Love Bytes says hello and welcome to author Ki Brightly joining us today to talk about new release “Trust Trade”.
I would like to thank Love Bytes for having me here today to talk about my newest book, Trust Trade. It’s always fun to get a chance to talk about something I put so much time and work into. Jeb is a generally decent guy who has had to deal with a lot of unhappy things in his life. He’s been a hustler and a house boy, and now he’s finally getting to live his life on his own terms…sort of. There honestly haven’t been may things in Jeb’s life that have made him happy. There are probably two things…one is really a person, not a thing, Max (who you’ll meet when you read the book), but the other is Sampson! This is a little of what I imagine Sampson looks like.
A lot of this book is very heavy reading, but if there is element that is pure good, in fact, unless you’ve read Cujo is almost always good in literature and outside of it; it’s Jeb’s dog Sampson. Sampson is cute and small and likes to eat bugs. He enjoys walks and running toward the street as if it is the most fun place on earth to play.
He loves Jeb unconditionally.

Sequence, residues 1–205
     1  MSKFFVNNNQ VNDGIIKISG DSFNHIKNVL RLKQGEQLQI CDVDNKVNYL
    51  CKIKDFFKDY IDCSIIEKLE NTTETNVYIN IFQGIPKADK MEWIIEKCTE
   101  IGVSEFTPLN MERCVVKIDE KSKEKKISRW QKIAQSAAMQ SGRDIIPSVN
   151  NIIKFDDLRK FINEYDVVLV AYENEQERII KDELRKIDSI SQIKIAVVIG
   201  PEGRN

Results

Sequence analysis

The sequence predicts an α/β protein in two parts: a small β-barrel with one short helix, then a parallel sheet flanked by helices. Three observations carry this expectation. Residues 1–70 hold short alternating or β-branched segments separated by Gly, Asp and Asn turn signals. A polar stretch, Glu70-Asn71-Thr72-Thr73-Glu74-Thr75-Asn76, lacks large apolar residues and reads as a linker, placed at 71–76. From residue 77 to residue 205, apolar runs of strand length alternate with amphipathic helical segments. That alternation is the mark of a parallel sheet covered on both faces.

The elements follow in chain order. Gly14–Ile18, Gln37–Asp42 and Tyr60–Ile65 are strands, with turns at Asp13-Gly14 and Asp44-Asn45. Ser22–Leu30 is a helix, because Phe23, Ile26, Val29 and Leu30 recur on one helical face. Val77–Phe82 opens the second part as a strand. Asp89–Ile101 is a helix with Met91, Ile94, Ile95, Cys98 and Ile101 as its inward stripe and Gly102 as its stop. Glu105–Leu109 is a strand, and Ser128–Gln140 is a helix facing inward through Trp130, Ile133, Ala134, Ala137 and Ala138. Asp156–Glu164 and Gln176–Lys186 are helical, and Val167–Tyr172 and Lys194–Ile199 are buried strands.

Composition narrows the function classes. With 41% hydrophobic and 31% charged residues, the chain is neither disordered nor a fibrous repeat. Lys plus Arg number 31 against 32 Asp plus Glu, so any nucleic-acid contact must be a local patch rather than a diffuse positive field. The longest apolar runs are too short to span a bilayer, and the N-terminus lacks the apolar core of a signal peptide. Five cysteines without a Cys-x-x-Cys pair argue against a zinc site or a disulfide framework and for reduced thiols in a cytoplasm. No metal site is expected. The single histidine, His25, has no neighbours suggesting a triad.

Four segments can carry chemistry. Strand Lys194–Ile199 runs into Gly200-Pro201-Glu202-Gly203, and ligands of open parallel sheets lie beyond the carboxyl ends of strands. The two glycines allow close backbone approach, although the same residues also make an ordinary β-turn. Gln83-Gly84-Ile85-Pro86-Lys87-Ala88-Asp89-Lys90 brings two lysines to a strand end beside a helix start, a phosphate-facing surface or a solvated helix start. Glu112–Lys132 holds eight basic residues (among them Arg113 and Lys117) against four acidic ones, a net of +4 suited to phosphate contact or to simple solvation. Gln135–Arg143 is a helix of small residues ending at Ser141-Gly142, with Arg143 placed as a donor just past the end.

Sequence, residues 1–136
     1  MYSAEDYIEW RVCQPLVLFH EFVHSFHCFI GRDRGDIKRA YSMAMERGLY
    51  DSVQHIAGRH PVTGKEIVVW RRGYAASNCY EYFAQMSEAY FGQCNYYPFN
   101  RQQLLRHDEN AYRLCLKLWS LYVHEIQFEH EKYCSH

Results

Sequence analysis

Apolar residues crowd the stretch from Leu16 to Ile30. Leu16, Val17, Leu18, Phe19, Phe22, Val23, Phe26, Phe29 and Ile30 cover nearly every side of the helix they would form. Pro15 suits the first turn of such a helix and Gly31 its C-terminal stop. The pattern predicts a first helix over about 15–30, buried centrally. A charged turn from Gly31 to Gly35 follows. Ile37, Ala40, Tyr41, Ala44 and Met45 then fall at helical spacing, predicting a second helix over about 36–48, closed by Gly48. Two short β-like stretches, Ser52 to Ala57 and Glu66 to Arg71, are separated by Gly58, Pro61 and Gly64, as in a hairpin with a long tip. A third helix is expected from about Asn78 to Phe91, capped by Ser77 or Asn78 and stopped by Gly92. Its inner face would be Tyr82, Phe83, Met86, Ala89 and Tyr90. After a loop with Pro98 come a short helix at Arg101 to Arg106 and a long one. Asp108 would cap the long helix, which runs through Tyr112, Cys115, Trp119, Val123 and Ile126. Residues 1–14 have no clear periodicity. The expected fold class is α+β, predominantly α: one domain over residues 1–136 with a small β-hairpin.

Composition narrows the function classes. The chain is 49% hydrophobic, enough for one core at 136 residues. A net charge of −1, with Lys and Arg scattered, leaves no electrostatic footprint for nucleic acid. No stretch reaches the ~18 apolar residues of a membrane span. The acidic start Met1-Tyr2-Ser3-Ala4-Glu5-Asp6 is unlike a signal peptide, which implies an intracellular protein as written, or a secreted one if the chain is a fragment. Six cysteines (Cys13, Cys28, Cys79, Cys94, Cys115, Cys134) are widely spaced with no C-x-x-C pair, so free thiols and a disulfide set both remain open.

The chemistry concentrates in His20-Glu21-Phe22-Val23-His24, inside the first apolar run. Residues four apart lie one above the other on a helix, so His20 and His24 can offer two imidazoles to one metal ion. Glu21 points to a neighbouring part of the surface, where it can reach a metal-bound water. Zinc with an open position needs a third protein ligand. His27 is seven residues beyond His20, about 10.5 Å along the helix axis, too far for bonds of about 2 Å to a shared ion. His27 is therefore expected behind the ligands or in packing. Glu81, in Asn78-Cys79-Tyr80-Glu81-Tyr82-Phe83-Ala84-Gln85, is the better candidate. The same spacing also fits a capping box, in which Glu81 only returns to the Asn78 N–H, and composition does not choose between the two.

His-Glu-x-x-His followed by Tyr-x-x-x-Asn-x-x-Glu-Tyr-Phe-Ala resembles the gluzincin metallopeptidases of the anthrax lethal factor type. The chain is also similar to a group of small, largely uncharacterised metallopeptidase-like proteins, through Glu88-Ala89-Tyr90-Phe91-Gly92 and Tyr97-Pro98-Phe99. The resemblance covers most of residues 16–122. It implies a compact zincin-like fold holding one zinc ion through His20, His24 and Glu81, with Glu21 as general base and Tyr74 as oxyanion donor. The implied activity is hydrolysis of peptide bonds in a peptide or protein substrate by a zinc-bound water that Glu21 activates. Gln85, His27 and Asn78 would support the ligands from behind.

Why does Jeb have a dog? Well, when he got Sampson he was in a stable living environment, or at least as stable as he’d had in years. And dogs make you feel good. They make you happy. (Unless you’re afraid of dogs for some reason, then I suppose they don’t.)
When I was growing up we always had a dog. My very first dog, Clementine, was an Australian Shepherd. Unfortunately, I don’t have any pictures of her, but here is what they look like.
Clementine also had dichromatic eyes like this dog. We lived in the country, and she was a medium sized dog and not trained well, so my grandmother didn’t want her in the house. As a kid I got the best part of the Clementine, the pets and the playing ball. My uncle fed her and did the rest of it, and he and my grandfather built her a miniature dog palace outside; however, during the winter she ended up inside anyway, well trained or not. She was old when we got her though and eventually died.
I don’t think my grandmother wanted another dog after Clementine, she gets really attached to pets and built a small garden shrine to her outside that she still plants flowers in twenty years later, but my family is comprised of chronic rescuers. My uncle found Bandit. He was being abused by the person who owned him and was promptly brought home to our house. I can’t find a good picture of him or even a good representation. He was a Beagle/Brittany Spaniel mix, and had that unique rusty Brittany color rather than the beagle brown, with curly fur on his ears. I don’t think there could have been a better dog. He was sweet tempered, but had enough energy to endlessly play ball. He would happily lay on the floor at your feet while you watched television or jump up into your lap. He was small enough that no one made any attempt to pretend he would ever be an outside dog and would frequently sleep at the foot of my bed. I think, perhaps, Sampson was modelled after some of my fondest memories of him.